Preempting Problems with Reporters: Case Study-The Messy Divorce

Preempting Problems with Reporters: Case Study-The Messy Divorce

This week. Some Case Studies in how embarrassing problems from a candidate’s past were preempted in pre-announcement meetings with reporters.

Today: How a messy divorce story died before it was written.

I once had a client running for public office who confided in one of our early meetings that he’d gone through a difficult divorce. How difficult? “The divorce papers are really ugly,” he said.

Divorce is now common. But the material and allegations in the divorce papers can be a bloody mess for a candidate running for public office. And although you may think that divorce papers are “sealed” – I can assure you they have a way of getting into the hands of your opponent and you should assume they will.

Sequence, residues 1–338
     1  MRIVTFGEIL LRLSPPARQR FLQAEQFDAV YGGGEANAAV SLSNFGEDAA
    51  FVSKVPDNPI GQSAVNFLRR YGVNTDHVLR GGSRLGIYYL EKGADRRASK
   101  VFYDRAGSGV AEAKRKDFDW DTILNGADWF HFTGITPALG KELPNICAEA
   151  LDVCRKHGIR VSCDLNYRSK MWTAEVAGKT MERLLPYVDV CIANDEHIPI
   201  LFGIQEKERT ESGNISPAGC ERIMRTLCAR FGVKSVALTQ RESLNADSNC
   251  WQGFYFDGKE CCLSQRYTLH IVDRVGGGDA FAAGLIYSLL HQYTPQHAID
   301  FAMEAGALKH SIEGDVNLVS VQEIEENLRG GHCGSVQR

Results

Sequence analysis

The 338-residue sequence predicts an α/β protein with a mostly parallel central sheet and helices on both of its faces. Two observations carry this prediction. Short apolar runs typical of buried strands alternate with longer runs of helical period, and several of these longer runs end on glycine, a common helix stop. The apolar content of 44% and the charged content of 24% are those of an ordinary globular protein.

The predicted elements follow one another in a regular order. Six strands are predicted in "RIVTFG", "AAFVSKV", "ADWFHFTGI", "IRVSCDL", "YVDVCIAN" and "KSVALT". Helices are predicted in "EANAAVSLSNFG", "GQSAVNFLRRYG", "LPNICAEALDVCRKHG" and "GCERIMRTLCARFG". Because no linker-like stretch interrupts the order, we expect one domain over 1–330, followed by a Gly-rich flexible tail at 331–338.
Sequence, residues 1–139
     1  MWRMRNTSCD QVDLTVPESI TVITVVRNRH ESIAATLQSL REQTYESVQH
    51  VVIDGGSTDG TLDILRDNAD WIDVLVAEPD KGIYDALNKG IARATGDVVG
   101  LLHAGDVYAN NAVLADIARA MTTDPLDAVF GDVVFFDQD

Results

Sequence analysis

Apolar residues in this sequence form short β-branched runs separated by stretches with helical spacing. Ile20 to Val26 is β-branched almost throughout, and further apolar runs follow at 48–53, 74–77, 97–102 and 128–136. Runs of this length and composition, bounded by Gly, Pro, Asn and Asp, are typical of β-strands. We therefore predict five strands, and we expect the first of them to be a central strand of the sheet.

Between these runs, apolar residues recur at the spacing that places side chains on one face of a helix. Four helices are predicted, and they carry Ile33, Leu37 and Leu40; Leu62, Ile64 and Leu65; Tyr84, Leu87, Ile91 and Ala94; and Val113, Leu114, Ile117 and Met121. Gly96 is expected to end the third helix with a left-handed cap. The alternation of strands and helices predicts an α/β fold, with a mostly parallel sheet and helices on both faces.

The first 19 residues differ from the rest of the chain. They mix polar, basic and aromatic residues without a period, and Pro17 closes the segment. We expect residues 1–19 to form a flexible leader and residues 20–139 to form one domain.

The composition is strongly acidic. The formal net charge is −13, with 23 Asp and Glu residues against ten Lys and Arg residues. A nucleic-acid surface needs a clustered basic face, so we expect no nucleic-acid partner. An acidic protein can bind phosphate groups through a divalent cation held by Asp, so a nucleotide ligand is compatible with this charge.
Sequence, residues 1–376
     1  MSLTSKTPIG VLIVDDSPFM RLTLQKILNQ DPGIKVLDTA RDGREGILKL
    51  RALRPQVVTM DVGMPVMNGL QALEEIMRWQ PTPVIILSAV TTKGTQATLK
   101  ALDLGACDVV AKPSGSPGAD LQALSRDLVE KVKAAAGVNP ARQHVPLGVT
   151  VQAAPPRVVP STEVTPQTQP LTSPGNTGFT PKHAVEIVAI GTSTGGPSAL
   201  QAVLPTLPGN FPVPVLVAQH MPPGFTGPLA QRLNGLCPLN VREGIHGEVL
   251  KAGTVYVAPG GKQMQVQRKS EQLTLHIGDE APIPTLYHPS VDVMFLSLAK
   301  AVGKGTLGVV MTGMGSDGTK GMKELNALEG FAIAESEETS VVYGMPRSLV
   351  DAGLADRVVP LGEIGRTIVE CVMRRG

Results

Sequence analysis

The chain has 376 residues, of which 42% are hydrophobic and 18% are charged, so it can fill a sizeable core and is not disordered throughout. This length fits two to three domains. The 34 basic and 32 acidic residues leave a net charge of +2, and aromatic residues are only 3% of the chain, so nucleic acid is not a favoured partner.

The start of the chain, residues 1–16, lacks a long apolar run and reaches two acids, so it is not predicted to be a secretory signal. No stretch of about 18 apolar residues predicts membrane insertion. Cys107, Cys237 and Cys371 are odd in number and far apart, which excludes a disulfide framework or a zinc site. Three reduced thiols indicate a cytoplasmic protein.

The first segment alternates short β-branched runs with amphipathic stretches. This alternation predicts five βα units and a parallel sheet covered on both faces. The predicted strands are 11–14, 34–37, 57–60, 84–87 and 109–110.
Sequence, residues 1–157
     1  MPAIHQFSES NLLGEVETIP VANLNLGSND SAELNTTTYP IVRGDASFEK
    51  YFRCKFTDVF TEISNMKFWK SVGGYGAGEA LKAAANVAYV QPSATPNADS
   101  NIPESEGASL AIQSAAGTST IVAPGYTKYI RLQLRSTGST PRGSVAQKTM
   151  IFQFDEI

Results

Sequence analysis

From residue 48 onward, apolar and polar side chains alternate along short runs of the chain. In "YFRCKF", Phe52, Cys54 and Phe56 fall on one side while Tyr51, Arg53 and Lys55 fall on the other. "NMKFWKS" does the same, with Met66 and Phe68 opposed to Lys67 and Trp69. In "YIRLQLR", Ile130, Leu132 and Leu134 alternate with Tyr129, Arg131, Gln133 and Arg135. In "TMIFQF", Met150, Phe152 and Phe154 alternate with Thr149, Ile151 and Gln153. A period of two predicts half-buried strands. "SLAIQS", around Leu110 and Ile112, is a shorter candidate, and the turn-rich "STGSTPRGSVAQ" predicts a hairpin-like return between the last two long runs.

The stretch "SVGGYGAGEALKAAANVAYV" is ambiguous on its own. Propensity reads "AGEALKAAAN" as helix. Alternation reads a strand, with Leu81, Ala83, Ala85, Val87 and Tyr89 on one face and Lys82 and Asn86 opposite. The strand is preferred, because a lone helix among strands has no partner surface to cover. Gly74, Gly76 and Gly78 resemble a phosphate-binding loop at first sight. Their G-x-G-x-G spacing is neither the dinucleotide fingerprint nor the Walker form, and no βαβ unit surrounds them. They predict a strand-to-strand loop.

My client freely admitted that the breakup of his first marriage was mostly his fault. He was young, immature, not ready for marriage and he’d cheated on his spouse. In his pre-announcement interview I made sure that he gave the reporter a copy of the divorce papers and I had him candidly explain why the marriage had failed, why it was his fault, what he’d learned from the experience and how as a result of learning from those mistakes he’d had a successful second marriage and raised three children. When his opponent later sent a copy of the divorce papers with a suggestion that the reporter do a little digging, (write a story) the reporter responded that he was already familiar with the matter and that he regarded it old news.

Luck? Perhaps. But imagine what would have happened had the story been “news” to the reporter, and had the reporter reprinted the salacious material on the front page of the newspaper.

Will this always work? No. There are three things in politics that are usually fatal—allegations of child abuse, physical spouse abuse, and relationships or inappropriate exchanges with minors. (Think Anthony Weiner) Voters will not excuse that, nor will most reporters.

Tomorrow:

A family drug problem and how one candidate turned a big lemon into lemonade.

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